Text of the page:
DALLAS—Jeff Gusky is an emergency physician and National Geographic photographer. He is also a TV host and producer, author of three books, and a professional speaker.
His life changed when he uncovered an “obscure remnant of a Nazi concentration camp.” Since then he has looked for hope for people in times of terror and why terrorism continues.
He and his companion went to see Shen Yun Performing Arts at the Dallas AT&T Performing Arts Center–Winspear Opera House on Jan. 12, in Dallas, Texas.
“It [Shen Yun] is giving me an insight to the artistic sensibilities of the Chinese and of the mainland, and so I’m learning a lot,” he said.
New York-based Shen Yun’s mission is to revive the traditional Chinese culture, almost lost in modern times in a country that has had it’s traditional values and identity destroyed by the communist party. The Chinese Communist Party (CCP) seized power in China in 1949 and attacked the 5,000-year culture though campaigns like the Cultural Revolution, purging intellectuals, historians, educators, and the spiritual, while destroying Chinese religious and historic artifacts.
The classical Chinese dance company travels the world with this almost-lost culture and gives it expression, liberating it in each theater they visit to be comprehended and felt by modern audiences. This season, six touring groups travel simultaneously to revive the lost culture.
For those familiar with China today, Shen Yun may be a surprise. Audience members will not see red flags and homages to communism; they will see values like loyalty, devotion, kindness, hope, and courage. They will see dynasties come to life before them and they will see the repressed spirituality and 5,000-year-old culture of the Chinese people, involving sages, warriors, emperors, magical beings, and reverence to a Creator.
Shen Yun performs stories that take place throughout China’s history, including several set in China today. The political persecution that many people face in China is not something that the communist party in China wants people to see or know, which is why they don’t allow journalists to enter China and report freely, unless the reports can be shaped by the CCP. In China, speech is heavily monitored and speaking openly about CCP has led to many arrests in China.
Gusky said that he was surprised about how open Shen Yun was about dissent in China under communism and its persecutions against people there.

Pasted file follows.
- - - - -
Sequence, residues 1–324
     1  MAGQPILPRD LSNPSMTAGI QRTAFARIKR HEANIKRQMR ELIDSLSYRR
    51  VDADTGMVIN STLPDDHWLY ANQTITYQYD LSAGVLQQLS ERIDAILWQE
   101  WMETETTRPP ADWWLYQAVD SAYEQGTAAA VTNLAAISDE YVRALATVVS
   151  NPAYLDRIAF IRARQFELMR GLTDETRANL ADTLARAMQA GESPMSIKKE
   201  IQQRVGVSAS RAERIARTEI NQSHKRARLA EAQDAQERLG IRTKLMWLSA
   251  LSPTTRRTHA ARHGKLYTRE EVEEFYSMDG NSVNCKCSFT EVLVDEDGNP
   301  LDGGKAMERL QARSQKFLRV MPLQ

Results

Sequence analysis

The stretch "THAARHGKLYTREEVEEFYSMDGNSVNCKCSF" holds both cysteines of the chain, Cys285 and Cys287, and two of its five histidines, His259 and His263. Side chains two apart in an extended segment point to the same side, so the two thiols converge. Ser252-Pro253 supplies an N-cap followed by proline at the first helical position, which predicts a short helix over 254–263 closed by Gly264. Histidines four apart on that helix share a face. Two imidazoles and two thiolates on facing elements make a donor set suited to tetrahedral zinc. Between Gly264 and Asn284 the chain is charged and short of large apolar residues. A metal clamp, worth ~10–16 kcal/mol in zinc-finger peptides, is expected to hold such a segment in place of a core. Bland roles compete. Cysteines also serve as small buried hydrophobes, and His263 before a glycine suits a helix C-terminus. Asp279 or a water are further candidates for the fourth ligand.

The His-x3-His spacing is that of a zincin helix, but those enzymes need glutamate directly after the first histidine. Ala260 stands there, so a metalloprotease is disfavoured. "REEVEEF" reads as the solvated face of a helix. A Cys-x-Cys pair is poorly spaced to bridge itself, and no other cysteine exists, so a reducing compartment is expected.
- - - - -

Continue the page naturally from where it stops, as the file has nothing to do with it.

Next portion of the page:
To expose what is happening in China is a risk. Shen Yun performers are not likely to be able to safely enter China, as long as the CCP is in power.
“Also, I get a sense of the vision of modern Chinese incorporating their ancient past and their contemporary future,” said Gusky, whose work also explores how the speed of modernization has cut people from our moral core.
Gusky’s favorite piece was “Restaurant Cheer,” a dance which shows waiters finding joy in excellent service. As part of their spirited antics they spin and throw napkins in the presence of a grumpy boss.
“I thought that was very animated and full of life and emotion,” said Gusky.
Gusky said he felt absorbed by the performances.
“I think it is illuminating for Americans to be exposed to a completely different… it’s not made for America; what we are seeing, I believe, is the true Chinese cultural expression, and that is fascinating for me. It makes me feel like I’m there, I’m visiting and learning, getting inside the cultural sensibilities of Chinese people.”
When asked if seeing Shen Yun will inspire his future work, Gusky said he thinks so.
“I’m getting a sense of some of the cultural tensions that underlie a nation that has undergone rapid modernization like you can’t imagine,” he said. “and trying to hold on to an ancient past and embrace the future of incomprehensible scale of cities. How that culture adapts into the modern age where so much is dehumanized and wipes out the past. That’s what is going on in my thoughts.
With reporting by Diane Gao and Carrie Gilkison.
The Epoch Times considers Shen Yun Performing Arts the significant cultural event of our time and has covered audience reactions since the company’s inception in 2006.